Democrat Representatives Brad Schneider (D-IL-10) and Adriano Espaillat (D-NY-13) are pushing legislation to require law-abiding citizens to pass a background check before assembling a gun from a parts kit at home.
Note–it is 100 percent legal for a law-abiding citizen to assemble such a gun and assembling an AR-15 from a parts kit and an 80 percent complete lower receiver is very popular in states that don’t ban it. People who like to do projects in their garage throw themselves into the work of finishing the 80 percent lower then adding parts to build a complete firearm.
But Schneider and Espaillat see this a “loophole” in gun laws and they want to do away with it with the “Ghost Guns Are Guns Act.” The text of their act says, “To amend title 18, United States Code, to require firearm assembly kits to be considered to be firearms.”
The Patch quoted the press release that accompanied the introduction of the Act, which said:
Reducing gun violence starts with strong background checks, but some purchasers evade these safeguards by buying firearms online as assembly kits. These frequently impossible to track ghost guns are not subject to background checks under current law and are more likely to be used in violent crimes.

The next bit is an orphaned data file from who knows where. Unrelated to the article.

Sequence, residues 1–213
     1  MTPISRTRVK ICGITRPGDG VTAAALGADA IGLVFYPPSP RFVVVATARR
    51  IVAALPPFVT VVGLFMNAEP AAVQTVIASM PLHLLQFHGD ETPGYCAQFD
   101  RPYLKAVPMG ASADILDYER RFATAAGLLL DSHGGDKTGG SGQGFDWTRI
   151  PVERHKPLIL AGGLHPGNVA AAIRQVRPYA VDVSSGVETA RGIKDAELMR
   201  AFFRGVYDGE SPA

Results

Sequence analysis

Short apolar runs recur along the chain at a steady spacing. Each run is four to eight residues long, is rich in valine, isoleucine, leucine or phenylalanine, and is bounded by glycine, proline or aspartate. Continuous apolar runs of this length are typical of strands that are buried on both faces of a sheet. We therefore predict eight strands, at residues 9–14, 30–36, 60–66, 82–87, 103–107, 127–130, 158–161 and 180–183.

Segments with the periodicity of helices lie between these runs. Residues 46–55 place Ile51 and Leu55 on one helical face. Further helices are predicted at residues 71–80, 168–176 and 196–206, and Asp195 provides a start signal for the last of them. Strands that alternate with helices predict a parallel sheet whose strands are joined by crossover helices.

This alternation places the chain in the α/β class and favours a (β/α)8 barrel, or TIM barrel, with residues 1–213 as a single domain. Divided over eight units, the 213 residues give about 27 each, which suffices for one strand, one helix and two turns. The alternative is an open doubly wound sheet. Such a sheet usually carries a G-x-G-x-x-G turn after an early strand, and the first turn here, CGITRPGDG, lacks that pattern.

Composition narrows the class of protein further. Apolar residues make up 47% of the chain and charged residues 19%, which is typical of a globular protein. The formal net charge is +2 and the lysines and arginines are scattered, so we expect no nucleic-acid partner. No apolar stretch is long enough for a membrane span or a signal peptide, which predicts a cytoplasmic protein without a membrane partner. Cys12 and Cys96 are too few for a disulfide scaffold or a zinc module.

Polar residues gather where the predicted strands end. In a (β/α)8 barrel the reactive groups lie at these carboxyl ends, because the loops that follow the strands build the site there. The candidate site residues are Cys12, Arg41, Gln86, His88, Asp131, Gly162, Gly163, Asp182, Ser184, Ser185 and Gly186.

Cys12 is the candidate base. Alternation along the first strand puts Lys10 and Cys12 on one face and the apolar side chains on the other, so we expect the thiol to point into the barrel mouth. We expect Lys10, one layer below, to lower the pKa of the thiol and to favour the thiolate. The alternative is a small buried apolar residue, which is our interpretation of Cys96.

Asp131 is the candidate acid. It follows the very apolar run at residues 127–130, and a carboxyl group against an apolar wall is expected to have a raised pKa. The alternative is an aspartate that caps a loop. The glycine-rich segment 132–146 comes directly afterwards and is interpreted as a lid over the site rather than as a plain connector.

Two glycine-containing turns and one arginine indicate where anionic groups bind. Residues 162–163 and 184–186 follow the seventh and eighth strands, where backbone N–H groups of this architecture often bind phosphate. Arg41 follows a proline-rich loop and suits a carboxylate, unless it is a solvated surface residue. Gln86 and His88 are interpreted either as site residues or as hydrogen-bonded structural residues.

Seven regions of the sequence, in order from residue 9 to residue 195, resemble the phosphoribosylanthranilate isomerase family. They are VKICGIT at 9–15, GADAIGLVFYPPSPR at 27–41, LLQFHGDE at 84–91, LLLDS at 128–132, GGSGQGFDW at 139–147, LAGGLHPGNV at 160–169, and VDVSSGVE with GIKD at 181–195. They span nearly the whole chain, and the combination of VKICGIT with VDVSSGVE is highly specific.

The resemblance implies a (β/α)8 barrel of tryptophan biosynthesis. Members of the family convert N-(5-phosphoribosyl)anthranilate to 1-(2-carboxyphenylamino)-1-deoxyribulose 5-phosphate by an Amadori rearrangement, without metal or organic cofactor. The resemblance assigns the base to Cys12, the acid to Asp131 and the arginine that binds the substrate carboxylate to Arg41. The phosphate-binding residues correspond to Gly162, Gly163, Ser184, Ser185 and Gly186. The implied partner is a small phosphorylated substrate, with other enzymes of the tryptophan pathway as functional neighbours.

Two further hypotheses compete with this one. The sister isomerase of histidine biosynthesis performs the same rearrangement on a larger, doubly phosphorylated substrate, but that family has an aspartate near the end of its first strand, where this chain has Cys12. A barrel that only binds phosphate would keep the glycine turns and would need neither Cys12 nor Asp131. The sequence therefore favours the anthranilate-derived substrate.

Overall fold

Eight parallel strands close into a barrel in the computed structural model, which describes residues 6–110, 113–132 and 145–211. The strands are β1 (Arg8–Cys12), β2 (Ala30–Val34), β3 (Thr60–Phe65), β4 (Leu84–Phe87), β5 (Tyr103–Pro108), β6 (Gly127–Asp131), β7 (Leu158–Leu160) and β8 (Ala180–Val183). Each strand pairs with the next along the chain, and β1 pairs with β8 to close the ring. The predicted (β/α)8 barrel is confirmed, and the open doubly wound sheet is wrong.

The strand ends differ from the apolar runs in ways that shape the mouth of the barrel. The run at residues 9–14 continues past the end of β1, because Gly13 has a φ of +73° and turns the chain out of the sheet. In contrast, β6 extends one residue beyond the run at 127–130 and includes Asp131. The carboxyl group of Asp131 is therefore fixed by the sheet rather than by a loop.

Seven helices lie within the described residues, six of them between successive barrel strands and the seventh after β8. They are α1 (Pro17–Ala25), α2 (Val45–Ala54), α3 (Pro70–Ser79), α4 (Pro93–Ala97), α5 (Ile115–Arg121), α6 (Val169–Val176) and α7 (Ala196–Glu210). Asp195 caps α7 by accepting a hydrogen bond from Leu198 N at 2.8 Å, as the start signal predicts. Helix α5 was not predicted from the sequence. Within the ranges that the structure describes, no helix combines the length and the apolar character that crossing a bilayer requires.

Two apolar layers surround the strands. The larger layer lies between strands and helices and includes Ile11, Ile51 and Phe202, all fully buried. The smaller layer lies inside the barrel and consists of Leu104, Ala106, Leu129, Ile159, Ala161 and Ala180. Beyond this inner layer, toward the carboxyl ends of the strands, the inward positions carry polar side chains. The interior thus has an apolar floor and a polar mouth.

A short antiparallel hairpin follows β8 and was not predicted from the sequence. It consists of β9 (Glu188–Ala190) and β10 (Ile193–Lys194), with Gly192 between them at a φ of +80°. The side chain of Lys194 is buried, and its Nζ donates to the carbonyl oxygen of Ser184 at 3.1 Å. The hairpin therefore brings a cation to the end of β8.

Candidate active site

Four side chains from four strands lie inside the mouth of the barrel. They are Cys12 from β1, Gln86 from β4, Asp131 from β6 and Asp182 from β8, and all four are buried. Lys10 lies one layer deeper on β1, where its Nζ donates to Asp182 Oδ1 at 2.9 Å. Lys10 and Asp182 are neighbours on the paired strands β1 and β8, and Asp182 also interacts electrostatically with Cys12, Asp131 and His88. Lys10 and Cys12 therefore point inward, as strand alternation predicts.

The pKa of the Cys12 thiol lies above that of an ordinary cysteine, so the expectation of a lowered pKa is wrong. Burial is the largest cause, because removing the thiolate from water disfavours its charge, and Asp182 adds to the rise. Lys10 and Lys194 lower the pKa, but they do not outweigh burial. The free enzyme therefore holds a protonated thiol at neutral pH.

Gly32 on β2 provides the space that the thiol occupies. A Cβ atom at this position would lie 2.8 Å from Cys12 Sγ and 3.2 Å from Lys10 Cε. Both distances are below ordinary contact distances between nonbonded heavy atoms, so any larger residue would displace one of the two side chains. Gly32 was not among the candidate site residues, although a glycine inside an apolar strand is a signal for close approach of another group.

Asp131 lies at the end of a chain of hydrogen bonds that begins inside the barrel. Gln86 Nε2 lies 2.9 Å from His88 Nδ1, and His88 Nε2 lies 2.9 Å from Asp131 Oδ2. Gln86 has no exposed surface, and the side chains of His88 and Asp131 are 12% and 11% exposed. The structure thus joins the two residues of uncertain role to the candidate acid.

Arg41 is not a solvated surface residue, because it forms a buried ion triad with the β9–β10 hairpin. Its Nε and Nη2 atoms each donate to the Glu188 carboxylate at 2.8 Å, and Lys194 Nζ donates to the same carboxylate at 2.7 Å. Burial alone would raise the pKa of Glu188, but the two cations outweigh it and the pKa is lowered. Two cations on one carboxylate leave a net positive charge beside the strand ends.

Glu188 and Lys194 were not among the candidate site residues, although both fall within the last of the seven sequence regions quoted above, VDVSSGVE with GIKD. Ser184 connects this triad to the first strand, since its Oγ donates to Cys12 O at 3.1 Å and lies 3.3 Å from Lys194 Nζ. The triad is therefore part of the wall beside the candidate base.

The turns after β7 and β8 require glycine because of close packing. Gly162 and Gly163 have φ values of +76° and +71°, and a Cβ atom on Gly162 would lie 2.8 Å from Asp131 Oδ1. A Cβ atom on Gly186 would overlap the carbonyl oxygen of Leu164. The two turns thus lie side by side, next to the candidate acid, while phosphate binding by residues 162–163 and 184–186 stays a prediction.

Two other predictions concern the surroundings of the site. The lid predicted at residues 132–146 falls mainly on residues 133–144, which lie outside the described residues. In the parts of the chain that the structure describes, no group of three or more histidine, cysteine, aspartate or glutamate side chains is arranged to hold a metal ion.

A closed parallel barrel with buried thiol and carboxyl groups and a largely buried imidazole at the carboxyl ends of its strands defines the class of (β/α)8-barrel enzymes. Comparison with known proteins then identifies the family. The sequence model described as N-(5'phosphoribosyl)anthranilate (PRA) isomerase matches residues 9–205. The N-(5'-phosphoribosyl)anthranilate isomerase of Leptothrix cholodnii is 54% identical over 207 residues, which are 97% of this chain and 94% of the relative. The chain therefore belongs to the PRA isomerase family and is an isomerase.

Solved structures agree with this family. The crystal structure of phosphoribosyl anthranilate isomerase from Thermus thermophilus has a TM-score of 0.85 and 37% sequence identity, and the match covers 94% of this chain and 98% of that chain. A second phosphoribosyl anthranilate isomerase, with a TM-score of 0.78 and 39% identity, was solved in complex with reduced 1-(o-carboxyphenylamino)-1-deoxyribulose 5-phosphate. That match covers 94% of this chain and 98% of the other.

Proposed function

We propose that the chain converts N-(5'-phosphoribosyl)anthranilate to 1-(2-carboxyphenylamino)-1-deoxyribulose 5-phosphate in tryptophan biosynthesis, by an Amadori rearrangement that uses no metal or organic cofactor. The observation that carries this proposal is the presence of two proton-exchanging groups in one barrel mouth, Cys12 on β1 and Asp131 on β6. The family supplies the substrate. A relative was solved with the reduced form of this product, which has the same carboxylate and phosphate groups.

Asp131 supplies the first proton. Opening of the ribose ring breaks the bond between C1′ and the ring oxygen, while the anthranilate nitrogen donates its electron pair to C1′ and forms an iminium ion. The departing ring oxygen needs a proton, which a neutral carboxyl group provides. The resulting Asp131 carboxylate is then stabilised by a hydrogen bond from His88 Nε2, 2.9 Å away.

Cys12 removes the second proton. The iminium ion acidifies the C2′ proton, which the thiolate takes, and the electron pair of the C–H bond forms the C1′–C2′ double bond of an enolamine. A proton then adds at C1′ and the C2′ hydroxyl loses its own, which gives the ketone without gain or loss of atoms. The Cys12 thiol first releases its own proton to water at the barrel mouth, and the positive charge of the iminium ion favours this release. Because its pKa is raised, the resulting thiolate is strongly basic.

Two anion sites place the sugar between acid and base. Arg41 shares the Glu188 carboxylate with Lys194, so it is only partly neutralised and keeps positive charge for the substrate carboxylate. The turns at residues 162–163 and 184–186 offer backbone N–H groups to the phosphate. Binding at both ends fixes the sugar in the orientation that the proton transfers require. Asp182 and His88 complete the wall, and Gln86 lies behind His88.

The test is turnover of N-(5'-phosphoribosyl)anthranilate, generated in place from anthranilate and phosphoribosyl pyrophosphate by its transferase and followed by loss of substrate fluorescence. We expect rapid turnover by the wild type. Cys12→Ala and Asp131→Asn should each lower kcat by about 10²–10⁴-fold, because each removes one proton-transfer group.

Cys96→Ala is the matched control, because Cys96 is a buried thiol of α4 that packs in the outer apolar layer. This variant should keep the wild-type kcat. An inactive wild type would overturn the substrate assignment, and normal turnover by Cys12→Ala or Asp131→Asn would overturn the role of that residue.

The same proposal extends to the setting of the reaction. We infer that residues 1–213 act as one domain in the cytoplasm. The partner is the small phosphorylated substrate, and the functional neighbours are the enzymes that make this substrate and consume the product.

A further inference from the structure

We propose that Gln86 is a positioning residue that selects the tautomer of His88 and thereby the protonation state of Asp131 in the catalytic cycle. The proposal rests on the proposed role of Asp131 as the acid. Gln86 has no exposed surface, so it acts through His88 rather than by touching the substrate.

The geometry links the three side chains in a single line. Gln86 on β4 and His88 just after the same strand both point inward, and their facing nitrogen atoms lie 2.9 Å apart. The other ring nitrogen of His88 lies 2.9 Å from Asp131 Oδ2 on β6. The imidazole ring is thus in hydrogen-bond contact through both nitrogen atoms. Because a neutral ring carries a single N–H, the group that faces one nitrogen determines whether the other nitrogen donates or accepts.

Notice how they frame it. Instead of just saying that building such a gun is a legal endeavor that law-abiding citizens enjoy, Schneider and Espaillat present it as a way that citizens are skirting the system. Moreover, they claim–without providing any evidence–that guns built from kits “are more likely to be sued in violent crimes.” Where is the proof for this claim?
Schneider said, “I’m proud to help introduce this commonsense legislation to close the loophole, expand background checks, and improve the safety of our communities by making it more difficult for these deadly weapons to fall into the wrong hands.” Two things need to be pointed out: 1. Expanding background checks is at the heart of this latest gun control effort and Schneider’s words prove it. 2. His language e have to prevent guns built from kits from falling into the wrong hands paints of a picture of the law-abiding citizen as incapable of retaining the firearms they build; as if law-abiding citizens are regularly misplacing guns built from kits, causing them “to fall into the wrong hands.” His argument is convoluted at best, deceptive at worst.
NBC News reports that Senator Chuck Schumer (D-NY) plans to support legislation giving the federal government power to regulate “ghost guns.” But Schumer warns that it will be an uphill battle because “the NRA is so unreasonable.”